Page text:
The NBA Draft on June 28 is creeping up quickly and Jared Sullinger is already learning a crucial lesson as he prepares to make the jump from college to the pros.
In this business, it is best to have thick skin.
The 6-foot-9 center out of Ohio State is probably the most scrutinized player entering this draft class.
Scratch that. Sullinger is the most scrutinized player in the 2012 NBA Draft.
But for how much longer?
Slated to go sixth or somewhere in the mid-first round depending on the mock draft board of your choice, no other projected lottery pick is having to deal with the amount of questions about his inability to get off the floor and lack of shooting range. And, at a hefty 268 pounds (has been listed as much as 280 pounds), Sullinger’s weight throws up a red flag for some front offices.
Then again, dealing with the criticism is nothing new for Sullinger.
"A lot of people have been sleeping on me, and it's kind of fun," Sullinger said at the NBA combine in Chicago. "All my life I've kind of been known as the underdog.
"People said I wasn't going to be able to play at the college level, and I did. Some people said I wasn't going to be able to play at the high school level. Some people said I was too overweight to play at the middle school level. I'm used to it."
When it comes to having something to prove, the kid sounds like an old pro.
And knowing where he is going, that attribute will serve him well as long as he puts in the time and work to wake people up from the "sleeper" tag that has been slapped on him during Sullinger's young basketball career in high school and college.
Then there is the weight issues Sullinger will likely have to overcome early on in his NBA career.
You can just imagine how many times he will have to answer those types of questions.
During the combine in Chicago, his body fat was the sixth worst. But chances are even that number flew under the radar knowing there were eight other players with a body fat of 10 percent or higher than Sullinger's.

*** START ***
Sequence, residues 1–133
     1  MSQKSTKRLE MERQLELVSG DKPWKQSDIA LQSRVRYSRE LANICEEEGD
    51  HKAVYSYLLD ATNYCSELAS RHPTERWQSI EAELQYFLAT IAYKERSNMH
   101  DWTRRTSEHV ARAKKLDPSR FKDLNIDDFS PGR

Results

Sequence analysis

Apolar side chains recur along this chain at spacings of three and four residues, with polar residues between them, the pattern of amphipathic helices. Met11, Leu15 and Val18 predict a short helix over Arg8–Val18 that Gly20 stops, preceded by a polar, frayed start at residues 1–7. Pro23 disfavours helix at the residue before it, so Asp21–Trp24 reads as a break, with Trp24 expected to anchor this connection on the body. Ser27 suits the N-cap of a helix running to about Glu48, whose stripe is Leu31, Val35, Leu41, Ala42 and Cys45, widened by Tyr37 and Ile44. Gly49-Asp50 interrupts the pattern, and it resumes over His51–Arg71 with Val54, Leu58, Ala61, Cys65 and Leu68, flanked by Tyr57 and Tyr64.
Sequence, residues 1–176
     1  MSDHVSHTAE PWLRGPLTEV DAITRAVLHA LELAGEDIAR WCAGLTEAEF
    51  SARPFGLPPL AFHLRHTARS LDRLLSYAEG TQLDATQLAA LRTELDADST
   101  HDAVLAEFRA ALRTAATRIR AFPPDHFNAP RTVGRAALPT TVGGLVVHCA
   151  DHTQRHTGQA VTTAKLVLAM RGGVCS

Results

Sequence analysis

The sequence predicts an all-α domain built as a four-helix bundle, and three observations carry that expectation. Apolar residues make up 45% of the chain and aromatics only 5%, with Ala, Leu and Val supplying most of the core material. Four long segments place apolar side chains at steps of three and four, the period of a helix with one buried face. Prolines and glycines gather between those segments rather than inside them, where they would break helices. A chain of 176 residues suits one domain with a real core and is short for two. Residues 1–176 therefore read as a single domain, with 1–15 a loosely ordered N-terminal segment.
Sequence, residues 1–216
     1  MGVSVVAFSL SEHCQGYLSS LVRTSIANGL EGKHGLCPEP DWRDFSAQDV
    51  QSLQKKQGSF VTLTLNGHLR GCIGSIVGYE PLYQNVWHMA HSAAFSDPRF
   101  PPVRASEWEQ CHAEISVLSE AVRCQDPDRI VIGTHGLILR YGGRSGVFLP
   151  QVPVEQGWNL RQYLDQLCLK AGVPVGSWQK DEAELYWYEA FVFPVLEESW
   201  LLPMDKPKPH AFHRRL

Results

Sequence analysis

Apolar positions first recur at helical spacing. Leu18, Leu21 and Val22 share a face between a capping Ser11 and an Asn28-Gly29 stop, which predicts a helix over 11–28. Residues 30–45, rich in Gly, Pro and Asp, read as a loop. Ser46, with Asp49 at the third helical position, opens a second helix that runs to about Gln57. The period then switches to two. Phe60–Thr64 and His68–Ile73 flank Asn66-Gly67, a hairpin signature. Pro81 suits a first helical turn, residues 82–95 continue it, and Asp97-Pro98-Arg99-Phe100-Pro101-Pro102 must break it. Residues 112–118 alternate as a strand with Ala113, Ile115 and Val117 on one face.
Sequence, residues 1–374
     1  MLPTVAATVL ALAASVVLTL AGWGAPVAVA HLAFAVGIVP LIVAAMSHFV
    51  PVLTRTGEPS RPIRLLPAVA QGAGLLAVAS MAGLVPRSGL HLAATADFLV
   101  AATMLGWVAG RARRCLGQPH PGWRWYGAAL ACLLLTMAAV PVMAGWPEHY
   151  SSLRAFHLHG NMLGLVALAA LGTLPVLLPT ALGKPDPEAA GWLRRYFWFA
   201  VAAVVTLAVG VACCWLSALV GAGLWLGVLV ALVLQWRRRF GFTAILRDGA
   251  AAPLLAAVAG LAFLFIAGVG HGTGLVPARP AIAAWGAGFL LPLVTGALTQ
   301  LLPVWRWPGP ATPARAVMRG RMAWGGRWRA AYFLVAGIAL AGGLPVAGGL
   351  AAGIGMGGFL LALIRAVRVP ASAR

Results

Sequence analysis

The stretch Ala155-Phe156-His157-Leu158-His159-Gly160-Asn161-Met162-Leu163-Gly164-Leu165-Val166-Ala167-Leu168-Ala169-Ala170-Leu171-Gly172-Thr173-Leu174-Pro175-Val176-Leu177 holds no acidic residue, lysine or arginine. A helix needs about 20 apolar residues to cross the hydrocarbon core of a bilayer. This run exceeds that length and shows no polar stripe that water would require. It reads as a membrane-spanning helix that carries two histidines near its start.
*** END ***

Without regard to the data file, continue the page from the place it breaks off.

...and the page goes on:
Either teams will shy away from Sullinger tipping the scales at 268 or merely consider him an undersized player who is able to use his weight to his advantage. Ask Kevin Love or Zach Randolph how they coped with all the question marks regarding their weight.
No Sullinger is not going to be in their NBA All-Star class out of the gate, but some guys simply know how to handle themselves and Sullinger seems like one of those guys.
Coming out of Ohio State, the 20-year old Sullinger averaged 17.5 points, 9.2 rebounds and 1.1 blocks per game as a sophomore and is solid on the block. He is a thick forward with good hands and is not afraid to use his big frame to bang down low.
While meeting with one team last week, Sullinger admitted that he coped with some back spasms last season that hampered him from working out at full strength, but he said he has overcome that setback and is working on his conditioning and weight leading up to the NBA Draft.
"Can I play defense? Can I jump?" Sullinger said in a separate interview.
"Will I be able to play the four? Am I a five? Can I shoot the basketball? Will I be able to guard the four? It's multiple questions that people are going to ask. Everybody's been asking that for years. I'm kind of used to it."
He just let people know he is not the one who has an issue. He is used to it.
Sounds like the critics will have to find something or someone else to scrutinize.
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